It's Farmers Market Week and That’s Reason to Celebrate!


The local food movement went national in one respect 16 years ago with the first National Farmer’s Market week. Today is the final day of this year’s week (August 2-8, 2015) which once again shines a spotlight on the importance of fresh, local produce to all healthy communities.

Farmer’s markets have grown immensely in abundance and popularity in recent years, with an estimated 8,200 markets across the country now—a 76-percent increase since 2008.

We’ll give you five good reasons we’re celebrating farmers markets today and every week!

  • Support Local Farmers and Rural Economic Growth

U.S. Agriculture Secretary Tom Vilsack has identified farmers markets and strengthening local food systems as one of the four pillars of USDA’s commitment to rural economic development and job creation. A 2014 study looked at how community-oriented farms contributed to agricultural and regional economic growth. It found that for every one dollar increase in the sales average of CFA (community focused agriculture), personal income rose by 22 cents over the course of five years.

  • Access to Healthy Food for Lower Income Families

In May the USDA announced grants to allow more farmers markets to support lower-income families. This will allow more than 6,400 farmer’s markets and direct marketing farms to accept Supplemental Nutrition Assistance Program (SNAP) benefits as payment for fresh produce and other locally sourced wholesome food.

According to an article in Farmers Market Coalition,

The Farmers Market SNAP Support Grants will range from $15,000 to $250,000 and must be designed to increase SNAP client accessibility and participation at farmers markets, and support the establishment, expansion, and promotion of SNAP EBT services at farmers markets.”

  • Protect the Environment

If the food you eat is not locally sourced or from a farmers market, then chances are it has traveled a great distance (an average of 1,500 miles) to get to your dinner table. This type of long-distance shipping uses up great quantities of natural resources including fossil fuels, which contributes to air pollution and global warming. Likewise, preparing the food for long-distance travel requires extra packaging which in turn becomes trash in our landfills.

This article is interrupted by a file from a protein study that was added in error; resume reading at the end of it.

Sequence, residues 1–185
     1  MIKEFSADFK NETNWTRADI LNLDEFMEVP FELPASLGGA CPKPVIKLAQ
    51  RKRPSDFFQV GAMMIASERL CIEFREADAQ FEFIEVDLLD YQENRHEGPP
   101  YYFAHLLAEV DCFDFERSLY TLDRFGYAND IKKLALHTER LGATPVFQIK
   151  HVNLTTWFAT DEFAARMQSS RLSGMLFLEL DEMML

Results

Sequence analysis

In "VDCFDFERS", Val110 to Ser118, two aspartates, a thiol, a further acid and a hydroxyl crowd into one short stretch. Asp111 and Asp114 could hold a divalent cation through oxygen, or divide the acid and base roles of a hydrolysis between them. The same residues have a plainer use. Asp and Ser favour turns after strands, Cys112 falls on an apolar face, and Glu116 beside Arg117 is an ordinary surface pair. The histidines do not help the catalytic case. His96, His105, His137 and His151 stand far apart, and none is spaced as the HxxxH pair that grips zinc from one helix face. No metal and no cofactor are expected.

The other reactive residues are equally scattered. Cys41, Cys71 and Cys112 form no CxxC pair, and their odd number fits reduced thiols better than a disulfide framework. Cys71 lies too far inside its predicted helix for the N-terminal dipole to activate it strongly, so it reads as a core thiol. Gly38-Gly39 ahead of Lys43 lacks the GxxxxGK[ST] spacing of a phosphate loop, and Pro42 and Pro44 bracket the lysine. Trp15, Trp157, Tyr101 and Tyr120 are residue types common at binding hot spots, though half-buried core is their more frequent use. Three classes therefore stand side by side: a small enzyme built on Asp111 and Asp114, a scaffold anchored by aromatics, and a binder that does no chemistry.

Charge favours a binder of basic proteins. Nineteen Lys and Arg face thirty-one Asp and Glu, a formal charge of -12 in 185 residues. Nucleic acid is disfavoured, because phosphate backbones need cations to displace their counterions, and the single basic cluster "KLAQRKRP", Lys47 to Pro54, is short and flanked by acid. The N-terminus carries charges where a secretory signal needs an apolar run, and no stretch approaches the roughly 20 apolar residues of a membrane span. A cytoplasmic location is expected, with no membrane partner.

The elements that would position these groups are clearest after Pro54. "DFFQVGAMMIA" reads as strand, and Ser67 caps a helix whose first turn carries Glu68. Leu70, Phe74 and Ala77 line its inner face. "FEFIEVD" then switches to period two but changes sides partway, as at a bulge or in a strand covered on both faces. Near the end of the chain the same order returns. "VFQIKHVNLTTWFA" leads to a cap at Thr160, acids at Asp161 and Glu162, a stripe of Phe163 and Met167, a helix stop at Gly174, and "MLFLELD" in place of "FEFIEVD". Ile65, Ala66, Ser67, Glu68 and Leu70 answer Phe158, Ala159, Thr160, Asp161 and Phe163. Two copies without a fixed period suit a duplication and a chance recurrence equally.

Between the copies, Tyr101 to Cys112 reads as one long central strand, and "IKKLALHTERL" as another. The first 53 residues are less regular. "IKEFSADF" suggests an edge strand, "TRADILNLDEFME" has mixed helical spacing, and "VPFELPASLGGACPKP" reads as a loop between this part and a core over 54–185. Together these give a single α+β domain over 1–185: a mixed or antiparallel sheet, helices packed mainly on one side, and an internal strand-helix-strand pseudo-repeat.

An Article in explains,

Conventional agriculture also uses many more resources than sustainable agriculture and pollutes water, land, and air with toxic agricultural by-products. Food at the farmers market is transported shorter distances and is generally grown using methods that minimize the impact on the earth.”

  • Support Humane Treatment of Livestock

Unlike the mysterious origins surrounding so many of the products found at grocery store chains, the farmers market offers up meat, cheese, and eggs from animals that have (very likely) been treated with more respect. These markets cut out the middleman so to speak, allowing a relationship between the farmer and the consumer. If you have a question about whether or not your meat was raised without hormones or antibiotics, or if it was allowed to graze on green pastures, you can look your local cattle farmer in the eye and ask him or her yourself! In general you will find that these smaller farms provide much better living conditions for their animals without unnecessary abuse and unnatural interference. 

  • Connect with Your community

Farmers markets have the rare ability to bring urban and rural communities together by creating an arena where the public is able to purchase directly from the vendors themselves. In a world where we are all stuck behind our smart phones and computers, Michael Pollan has referred to farmers markets as “the new public square.” In fact, studies have suggested that people are as much as 10 times more likely to speak to one another at markets rather than grocery stores. They provide the rare opportunity for people to understand where their food comes from while connecting with their neighbors and the people who grow it.   

Image via Flickr


Read all articles by Juniper Briggs

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